It frustrates me that I didn’t like Pride more than I did, because the concept is awesome. In this modern retelling of Pride and Prejudice, teenager Zuri Benitez, who is Afro-Latino, lives in Bushwick, New York, with her family. They live next door to a run-down mansion that is purchased and remodeled by a Black family from Manhattan. Zuri can’t stand her new neighbors, especially Darius Darcy. With his rich ways, he doesn’t fit in her neighborhood, and she fears that people like his family (rich people) will contribute to the kind of gentrification that will destroy everything Zuri loves about her home.
This is very much a YA novel and Zuri is appropriately immature. Unfortunately, this was also the biggest weakness of the novel for me – I did not always like being around her. She’s judgmental. She’s often mean, even cruel. She’s self-centered. She’s also a brilliant writer, ferociously loyal, and protective of her family. I just felt that her irritating qualities eclipsed her many good ones.
Zuri is the book’s narrator and since Darius is a mystery to her, he’s also a mystery to the reader. Honestly, these two just confused the hell out of me. Why on earth would Darius want to spend time with someone who mocks him at every turn – not playfully, but with real malice? Why would Zuri want to spend time with a guy who doesn’t show her respect when he’s with his friends or his family? There’s nothing that seems to hold this relationship together. Darius and Zuri do not have common interests. Zuri fails to develop a sense of empathy for Darius and Darius lacks a deep understanding of Zuri. Darius’s heroic moment consists of beating someone up, which not only seemed out of character but was not, in my view, heroic even though the other guy in the fight certainly deserved it. Other than an on again/off again lust, there just wasn’t any reason to care whether these two kids get together or stay together.
The relationships that do work are the ones between Zuri and her family and Zuri and her neighborhood. Here’s the opening paragraph:
It’s a truth universally acknowledged that when rich people move into the hood, where it’s a little bit broken and a little bit forgotten, the first thing they wanna do is clean it up. But it’s not just the junky stuff they’ll get rid of. People can be thrown away too, like last night’s trash left out on the sidewalks or pushed to the edge of wherever all broken things go. What these rich people don’t always know is that broken and forgotten neighborhoods were first built out of love.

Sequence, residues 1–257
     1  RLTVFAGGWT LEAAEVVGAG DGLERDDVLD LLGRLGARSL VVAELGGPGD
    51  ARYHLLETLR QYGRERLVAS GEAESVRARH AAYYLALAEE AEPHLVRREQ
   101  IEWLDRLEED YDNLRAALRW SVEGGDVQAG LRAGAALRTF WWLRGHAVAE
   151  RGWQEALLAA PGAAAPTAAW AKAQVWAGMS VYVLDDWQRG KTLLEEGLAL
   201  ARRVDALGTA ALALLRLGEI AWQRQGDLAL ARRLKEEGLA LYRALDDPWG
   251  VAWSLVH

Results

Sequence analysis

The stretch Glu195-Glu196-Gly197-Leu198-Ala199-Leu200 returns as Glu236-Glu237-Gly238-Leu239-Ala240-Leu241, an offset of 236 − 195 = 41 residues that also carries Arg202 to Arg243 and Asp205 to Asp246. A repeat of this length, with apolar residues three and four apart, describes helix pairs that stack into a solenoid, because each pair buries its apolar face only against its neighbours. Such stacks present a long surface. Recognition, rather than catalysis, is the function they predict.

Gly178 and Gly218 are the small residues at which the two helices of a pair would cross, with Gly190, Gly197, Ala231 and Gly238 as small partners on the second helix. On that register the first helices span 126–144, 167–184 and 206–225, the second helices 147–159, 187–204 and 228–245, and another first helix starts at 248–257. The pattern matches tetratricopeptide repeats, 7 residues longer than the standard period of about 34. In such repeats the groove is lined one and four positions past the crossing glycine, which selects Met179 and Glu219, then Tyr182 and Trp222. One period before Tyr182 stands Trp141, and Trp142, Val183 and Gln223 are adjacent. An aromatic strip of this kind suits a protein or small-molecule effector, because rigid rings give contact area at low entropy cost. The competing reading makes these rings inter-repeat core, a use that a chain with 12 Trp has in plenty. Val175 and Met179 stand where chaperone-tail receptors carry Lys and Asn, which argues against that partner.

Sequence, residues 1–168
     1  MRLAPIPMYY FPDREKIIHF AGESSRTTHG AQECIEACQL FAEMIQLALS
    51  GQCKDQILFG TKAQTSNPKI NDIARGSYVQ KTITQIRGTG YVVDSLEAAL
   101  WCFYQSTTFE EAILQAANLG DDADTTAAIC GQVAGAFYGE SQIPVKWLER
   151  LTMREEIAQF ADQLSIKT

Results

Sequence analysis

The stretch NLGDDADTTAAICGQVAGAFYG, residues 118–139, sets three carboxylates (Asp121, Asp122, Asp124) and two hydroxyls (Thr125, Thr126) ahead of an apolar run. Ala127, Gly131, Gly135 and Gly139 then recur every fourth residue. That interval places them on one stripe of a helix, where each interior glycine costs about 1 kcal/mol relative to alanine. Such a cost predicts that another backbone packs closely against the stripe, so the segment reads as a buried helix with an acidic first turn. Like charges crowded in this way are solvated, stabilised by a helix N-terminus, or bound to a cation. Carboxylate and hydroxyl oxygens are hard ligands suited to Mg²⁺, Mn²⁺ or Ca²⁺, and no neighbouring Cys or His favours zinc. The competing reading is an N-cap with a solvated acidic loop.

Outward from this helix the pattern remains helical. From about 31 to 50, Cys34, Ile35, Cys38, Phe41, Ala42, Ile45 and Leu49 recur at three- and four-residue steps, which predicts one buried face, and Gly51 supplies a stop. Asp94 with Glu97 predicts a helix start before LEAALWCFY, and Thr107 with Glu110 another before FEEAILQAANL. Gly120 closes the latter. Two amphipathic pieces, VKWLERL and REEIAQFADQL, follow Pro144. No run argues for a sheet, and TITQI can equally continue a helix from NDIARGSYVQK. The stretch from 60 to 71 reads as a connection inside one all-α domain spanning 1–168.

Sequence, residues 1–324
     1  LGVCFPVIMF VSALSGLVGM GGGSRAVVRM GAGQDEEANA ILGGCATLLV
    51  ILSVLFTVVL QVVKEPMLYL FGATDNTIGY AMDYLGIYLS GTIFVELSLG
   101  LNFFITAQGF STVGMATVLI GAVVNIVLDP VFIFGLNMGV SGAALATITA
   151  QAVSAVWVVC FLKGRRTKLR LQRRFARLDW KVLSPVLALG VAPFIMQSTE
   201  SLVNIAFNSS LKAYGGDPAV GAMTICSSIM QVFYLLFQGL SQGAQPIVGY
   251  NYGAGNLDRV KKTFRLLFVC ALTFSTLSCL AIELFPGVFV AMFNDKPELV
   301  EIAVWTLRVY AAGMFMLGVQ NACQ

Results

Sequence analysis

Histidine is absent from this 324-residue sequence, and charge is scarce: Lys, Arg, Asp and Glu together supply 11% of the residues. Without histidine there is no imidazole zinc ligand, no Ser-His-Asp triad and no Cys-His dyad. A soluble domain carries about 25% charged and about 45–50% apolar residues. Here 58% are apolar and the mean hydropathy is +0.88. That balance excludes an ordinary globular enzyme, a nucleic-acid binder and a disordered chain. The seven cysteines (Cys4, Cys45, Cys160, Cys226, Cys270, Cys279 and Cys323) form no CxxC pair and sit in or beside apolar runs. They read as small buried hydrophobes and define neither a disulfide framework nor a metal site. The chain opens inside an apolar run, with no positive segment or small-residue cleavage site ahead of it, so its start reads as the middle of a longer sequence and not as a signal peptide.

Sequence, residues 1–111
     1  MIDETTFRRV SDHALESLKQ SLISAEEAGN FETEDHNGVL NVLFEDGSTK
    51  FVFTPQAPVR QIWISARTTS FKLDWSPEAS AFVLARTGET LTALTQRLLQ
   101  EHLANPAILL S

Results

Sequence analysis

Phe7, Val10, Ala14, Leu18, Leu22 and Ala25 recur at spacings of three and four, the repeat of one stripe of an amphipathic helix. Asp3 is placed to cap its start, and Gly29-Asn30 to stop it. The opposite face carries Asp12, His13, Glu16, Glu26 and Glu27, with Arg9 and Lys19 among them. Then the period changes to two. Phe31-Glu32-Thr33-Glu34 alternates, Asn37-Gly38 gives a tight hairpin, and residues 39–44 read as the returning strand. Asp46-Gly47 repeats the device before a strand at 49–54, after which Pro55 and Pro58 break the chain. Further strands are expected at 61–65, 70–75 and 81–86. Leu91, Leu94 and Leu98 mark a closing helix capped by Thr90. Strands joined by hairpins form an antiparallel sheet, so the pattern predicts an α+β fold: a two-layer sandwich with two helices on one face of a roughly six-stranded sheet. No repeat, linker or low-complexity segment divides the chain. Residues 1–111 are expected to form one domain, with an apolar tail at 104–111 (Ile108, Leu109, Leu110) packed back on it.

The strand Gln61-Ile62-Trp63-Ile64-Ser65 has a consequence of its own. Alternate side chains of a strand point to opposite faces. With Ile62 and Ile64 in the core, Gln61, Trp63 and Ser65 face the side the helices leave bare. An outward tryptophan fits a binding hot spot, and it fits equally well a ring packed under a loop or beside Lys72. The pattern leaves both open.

Zuri’s pride in her heritage and her community shine from every page. It’s truly a joy to hear her talk with mingled love and exasperation of her supportive but strict parents, her grandmother, and her sisters – the older Janae, home from college for the summer, the boy-crazy thirteen year old twins Layla and Kayla, and the money-smart Marisol. I never felt that Zuri really loved Darius. But I for sure felt that Zuri loved her family and her community, itself an extension of her family:
On the corner, a white woman is scooping up her dog’s poop with her plastic bag-covered hand. She pulls off the bag, ties it up, and tosses it into a nearby bin, then pets her dog as if he’s done a good job. I spot Mr. Turner from down the block, standing outside Hernando’s with his cup of coffee. Soon he’ll pull out the plastic crates, turn them over on their sides, and wait for Senor Feliciano, Stoney, Ascencio, Mr. Wright, and some of the other grandpas to join him in a daily game of dominos or cards while smack-talking about politics and the latest soccer match.
When the street lights come on, they’ll move out of the way for the younger guys-Colin and his crew, who just stand here checking out girls, drinking no-juice from bottles, and also smack-talking about politics and the latest basketball game. Then the block party and the music will move in, and everyone will eat and dance late into the night.
The ending of the book confused me. Throughout the book Zuri fears that more money will push people out of her neighborhood, but she acknowledges that:
My neighborhood is made of love, but it’s money and buildings and food and jobs that keep it alive-and even I have to admit that the new people moving in, with their extra money and dreams, can sometimes make things better. We’ll have to find a way to make both sides of Bushwick work.
Alas, the book never answers the question of how to do that, and an ending that seemed to me to be tragic is presented as an opportunity to try new things.
Gentrification has caused the value of the building Zuri’s family rents to go up in value to the point where the owner decides to sell, and Zuri’s family will have to move to a less costly neighborhood. Zuri is devastated but her father frames it as a chance for the family to expand its horizons. After a book full of social commentary, the commentary drops away to a “change is good, maybe?” message.
I found the ending to be frustrating and I was never invested in the romance. However, I loved the celebration of family, of Afro-Latino culture, and of place.